"I did this through hard work": Micah Richards hits back at critics questioning his position

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Former Manchester City star Micah Richards has responded passionately on-air to critics saying he's got a pundit role "because of Black Lives Matter" and questioning his experience and skill.

Speaking on Monday Night Football yesterday, the experienced professional spoke up about the abuse and double standards he'd been subjected to - while also vocally supporting fellow pundit Alex Scott, who has also been the victim of online abuse.

32-year-old Richards retired from professional football in summer 2019, and has become a regular feature on Sky's football coverage. He's also recently been named a columnist for Sportsmail, for which he recently wrote a piece titled 'Judge me on my punditry, not my skin tone'.

On last night's show, in conversation with Jamie Carragher and David Jones, Richards said: "I'm here working for Sky Sports, one of the biggest networks, corporations in the world. I'm here because I believed in myself... I'm in a privileged position, and I did this through hard work. The hard work that I put in is not going to be tarnished.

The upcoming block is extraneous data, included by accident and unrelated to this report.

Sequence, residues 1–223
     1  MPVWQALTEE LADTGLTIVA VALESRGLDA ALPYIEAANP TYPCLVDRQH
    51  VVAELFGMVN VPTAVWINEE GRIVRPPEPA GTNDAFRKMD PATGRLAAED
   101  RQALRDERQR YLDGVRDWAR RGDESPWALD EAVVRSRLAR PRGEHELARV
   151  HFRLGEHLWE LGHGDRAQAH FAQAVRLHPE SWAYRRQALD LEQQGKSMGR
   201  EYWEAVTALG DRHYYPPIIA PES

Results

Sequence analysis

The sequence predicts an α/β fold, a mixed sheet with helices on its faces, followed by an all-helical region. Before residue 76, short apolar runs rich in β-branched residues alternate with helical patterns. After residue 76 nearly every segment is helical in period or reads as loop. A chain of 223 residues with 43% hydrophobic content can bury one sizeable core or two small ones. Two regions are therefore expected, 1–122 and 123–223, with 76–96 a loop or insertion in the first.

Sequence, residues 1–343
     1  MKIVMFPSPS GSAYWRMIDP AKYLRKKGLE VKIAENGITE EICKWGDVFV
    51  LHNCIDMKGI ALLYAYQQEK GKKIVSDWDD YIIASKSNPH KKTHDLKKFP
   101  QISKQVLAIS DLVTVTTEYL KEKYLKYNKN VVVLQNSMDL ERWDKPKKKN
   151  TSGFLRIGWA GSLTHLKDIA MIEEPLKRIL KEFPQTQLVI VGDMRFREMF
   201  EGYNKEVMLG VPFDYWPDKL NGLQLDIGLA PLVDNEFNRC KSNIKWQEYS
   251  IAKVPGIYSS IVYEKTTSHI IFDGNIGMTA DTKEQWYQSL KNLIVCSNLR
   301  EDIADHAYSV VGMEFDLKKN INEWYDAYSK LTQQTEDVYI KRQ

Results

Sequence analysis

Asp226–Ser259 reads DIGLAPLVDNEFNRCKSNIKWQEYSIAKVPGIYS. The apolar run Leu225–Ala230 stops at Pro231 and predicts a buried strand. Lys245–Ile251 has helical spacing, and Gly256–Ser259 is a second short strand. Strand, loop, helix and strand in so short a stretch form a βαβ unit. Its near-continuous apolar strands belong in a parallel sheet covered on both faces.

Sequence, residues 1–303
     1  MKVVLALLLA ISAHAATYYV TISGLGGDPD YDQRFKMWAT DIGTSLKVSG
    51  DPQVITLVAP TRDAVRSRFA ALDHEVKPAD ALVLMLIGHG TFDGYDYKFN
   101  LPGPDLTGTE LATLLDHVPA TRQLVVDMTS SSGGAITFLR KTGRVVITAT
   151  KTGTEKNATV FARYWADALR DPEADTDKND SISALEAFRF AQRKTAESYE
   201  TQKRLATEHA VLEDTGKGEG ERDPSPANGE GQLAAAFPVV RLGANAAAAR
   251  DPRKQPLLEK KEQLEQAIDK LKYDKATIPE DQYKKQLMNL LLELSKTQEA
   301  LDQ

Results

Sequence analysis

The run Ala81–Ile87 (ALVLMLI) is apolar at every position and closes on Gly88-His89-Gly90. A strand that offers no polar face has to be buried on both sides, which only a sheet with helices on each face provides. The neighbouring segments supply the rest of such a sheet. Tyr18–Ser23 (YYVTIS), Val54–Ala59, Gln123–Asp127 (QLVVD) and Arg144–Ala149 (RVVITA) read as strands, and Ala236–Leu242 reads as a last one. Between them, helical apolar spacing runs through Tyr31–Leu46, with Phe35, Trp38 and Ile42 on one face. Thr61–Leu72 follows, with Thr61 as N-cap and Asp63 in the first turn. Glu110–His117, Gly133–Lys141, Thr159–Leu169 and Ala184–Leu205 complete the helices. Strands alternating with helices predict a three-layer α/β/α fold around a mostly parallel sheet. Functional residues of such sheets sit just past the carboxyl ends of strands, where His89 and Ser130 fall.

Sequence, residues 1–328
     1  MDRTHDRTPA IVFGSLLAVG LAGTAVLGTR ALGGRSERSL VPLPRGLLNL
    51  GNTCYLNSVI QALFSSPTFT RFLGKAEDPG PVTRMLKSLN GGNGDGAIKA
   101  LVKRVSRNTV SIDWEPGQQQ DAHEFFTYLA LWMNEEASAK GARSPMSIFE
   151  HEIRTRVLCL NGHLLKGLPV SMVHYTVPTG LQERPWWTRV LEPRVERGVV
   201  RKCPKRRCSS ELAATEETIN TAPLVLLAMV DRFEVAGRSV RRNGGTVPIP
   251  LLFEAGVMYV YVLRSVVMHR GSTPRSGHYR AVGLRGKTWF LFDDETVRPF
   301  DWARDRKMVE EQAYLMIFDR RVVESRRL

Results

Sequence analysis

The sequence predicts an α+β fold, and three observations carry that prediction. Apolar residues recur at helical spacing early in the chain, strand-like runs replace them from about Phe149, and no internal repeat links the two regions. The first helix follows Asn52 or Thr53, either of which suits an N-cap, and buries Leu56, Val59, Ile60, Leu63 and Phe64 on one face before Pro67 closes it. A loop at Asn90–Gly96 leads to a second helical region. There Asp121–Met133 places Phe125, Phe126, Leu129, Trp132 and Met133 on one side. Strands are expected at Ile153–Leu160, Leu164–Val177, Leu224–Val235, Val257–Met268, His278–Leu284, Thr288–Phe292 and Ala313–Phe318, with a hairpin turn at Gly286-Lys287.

"I've got people on Twitter, I've got people people on Instagram [saying], 'Micah Richards is only on air because of this whole Black Lives Matter movement'. 

"But I've had conversations with corporations that I work for way before this and now I'm getting tarnished with the same brush - 'oh, he's only on TV because of Black Lives Matter'. Which is disheartening for me because I put in the work - I work every single day at my craft. I've been a professional footballer, I've won a Premier League, I played at the highest level - and I'm still getting stones thrown at me.

"If I have to fly the flag, if people want to throw stones at me, I'll happily take it because I know I put in the work."

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He went on to call Alex Scott, who now regularly presents BBC sports coverage, "absolutely incredible".

"It's even worse for her, because she's a woman - and she's seen as black as well," Richards said. "Which is double jeopardy - she's in a worse position. She's one of the best pundits... and all you see on Twitter and Instagram: 'what is a woman doing working in men's football, she doesn't know.'"

Scott has recently been rumoured to be taking over from Sue Barker on A Question of Sport after 24 years, though the BBC has said there have still been "no conversations". At the time, the BBC shared one of Scott's own anti-racism poems.